Under the EU’s regulatory system, if no majority decision is reached in Committee, the issue is referred back to the Commission to make a default decision.
"The six adoptions of today are the result of a usual and standard procedure concerning the authorization of GMOs to be used in food and feed and have no link with the recently adopted package on cultivation," the Commission said in a statement.
The approvals are valid for ten years, allowing the use of the six GM maize varieties in food and feed, but not for cultivation.
However, the maize varieties will need to be labelled according to EU rules, which state that products that contain more than 0.9 per cent genetically modified ingredients must indicate GM content. But this does not apply to meat and dairy products, with no requirement that a distinction be made between those that come from animals fed GM or non-GM feed.
Some member states are staunchly opposed to GM, and anti-GM groups argue that the long-term impact of genetic modification for human and environmental health is unknown, and may not become clear for many years.
One of the approvals renewed a previous decision on Syngenta’s insect-resistant Bt11 maize that expired in 2007, while the other five were for stacked corn varieties, combining insect and herbicide resistance; one from Syngenta, two jointly developed by DuPont and Dow AgroSciences, and two from Monsanto.
The approvals come on the heels of an EC proposal two weeks ago to allow member states to make their own decisions on whether they cultivate GM crops.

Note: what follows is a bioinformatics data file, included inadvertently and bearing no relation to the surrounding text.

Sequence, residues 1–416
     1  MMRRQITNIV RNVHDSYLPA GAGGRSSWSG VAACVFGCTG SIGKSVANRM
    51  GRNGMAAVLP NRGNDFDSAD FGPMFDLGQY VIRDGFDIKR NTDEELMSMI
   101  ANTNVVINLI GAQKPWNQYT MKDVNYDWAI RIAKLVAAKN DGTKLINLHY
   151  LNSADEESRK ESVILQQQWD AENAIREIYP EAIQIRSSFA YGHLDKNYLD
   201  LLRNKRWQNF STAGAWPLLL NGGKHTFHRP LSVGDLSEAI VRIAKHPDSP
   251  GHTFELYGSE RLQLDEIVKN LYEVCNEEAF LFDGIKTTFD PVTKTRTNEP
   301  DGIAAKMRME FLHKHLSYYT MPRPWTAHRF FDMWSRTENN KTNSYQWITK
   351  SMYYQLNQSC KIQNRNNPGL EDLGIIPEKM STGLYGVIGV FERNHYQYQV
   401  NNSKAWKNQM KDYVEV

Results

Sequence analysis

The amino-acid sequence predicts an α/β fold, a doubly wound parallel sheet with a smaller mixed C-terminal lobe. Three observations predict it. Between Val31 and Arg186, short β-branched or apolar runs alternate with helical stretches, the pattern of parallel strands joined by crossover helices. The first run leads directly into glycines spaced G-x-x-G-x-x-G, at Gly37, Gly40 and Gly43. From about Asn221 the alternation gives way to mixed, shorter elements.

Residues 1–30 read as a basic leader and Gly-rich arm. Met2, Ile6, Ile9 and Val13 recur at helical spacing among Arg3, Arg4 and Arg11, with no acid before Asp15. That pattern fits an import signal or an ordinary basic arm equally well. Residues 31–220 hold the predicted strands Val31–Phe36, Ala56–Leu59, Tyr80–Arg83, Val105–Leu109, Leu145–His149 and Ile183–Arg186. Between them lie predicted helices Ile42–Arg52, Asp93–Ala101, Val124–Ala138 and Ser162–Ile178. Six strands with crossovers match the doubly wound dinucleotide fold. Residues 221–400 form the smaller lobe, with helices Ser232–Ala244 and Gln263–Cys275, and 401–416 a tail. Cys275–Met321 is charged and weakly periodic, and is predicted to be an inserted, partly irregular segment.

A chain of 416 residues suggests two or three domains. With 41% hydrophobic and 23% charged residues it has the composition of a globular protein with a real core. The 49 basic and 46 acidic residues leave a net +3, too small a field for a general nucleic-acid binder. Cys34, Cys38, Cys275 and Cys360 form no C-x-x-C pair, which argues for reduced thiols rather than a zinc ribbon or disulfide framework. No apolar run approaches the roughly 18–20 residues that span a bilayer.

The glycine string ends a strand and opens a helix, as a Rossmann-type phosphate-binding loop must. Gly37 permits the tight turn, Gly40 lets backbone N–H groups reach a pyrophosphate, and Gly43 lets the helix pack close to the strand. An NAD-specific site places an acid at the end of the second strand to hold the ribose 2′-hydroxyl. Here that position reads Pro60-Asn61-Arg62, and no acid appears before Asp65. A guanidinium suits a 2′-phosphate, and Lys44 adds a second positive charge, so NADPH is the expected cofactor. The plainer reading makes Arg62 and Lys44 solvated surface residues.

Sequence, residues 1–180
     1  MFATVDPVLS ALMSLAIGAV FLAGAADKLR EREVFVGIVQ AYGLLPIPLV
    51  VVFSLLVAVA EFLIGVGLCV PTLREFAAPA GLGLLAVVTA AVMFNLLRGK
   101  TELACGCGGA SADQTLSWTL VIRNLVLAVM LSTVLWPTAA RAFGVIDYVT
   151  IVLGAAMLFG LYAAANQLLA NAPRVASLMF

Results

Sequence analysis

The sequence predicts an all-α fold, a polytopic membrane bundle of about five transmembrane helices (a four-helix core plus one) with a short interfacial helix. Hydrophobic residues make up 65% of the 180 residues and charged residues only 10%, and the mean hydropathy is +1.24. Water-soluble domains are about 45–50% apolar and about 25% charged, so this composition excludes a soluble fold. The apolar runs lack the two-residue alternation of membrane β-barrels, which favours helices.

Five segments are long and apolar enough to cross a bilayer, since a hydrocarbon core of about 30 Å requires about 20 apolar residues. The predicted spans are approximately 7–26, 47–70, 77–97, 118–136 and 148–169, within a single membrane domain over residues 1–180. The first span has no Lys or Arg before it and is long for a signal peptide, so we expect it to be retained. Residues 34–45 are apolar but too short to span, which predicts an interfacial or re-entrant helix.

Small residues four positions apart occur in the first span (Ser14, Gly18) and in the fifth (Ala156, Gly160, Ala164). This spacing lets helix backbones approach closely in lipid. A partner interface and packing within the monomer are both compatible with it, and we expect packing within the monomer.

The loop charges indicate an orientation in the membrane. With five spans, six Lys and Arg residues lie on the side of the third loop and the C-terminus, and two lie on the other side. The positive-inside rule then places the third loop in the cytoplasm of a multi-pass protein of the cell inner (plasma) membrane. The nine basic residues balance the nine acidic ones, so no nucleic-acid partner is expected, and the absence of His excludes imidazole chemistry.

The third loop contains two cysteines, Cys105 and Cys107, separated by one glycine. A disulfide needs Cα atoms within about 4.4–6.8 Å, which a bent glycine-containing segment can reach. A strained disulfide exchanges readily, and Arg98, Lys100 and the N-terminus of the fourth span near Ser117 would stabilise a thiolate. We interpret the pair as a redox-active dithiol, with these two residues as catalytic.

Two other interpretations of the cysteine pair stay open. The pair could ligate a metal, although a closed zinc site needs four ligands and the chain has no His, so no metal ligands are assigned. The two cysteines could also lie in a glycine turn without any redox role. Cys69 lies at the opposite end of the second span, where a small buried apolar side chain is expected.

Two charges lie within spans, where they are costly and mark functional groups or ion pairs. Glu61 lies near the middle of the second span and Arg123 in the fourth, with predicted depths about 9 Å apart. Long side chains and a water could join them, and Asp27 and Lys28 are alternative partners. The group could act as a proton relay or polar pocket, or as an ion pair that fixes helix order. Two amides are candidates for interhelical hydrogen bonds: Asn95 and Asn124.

The EU has a zero-tolerance policy on unapproved GM material in imports that led to disruption of animal feed supply last year, when shipments from the United States were refused entry after they were discovered to contain traces of unapproved crops. The American Farm Bureau Federation – the United States’ largest farming group – this week urged the Obama administration to impose sanctions on the EU, saying the 27-nation bloc has not complied with a 2006 World Trade Organization ruling against its ‘de facto moratorium’ on approving new varieties for cultivation.
The EC has said it intends to propose a small tolerance margin for unapproved material in imports later this year.
MON 810, marketed as YieldGuard, is the only GM crop which is cultivated commercially in Europe. In 2008 it was planted on 107,000 hectares in seven member states. The trait is resistant to the corn borer pest. But in France, Germany, Hungary, Austria, Luxembourg and Greece it has been banned, although the European Food Safety Authority (EFSA) gave its opinion in June last year that the crop is safe – reiterating its original 1998 opinion on the crop.
In March the Commission announced the approval of BASF’s Amflora potato, for industrial starch use. This is the first GM plant to have received the go-ahead for cultivation in the EU in 12 years.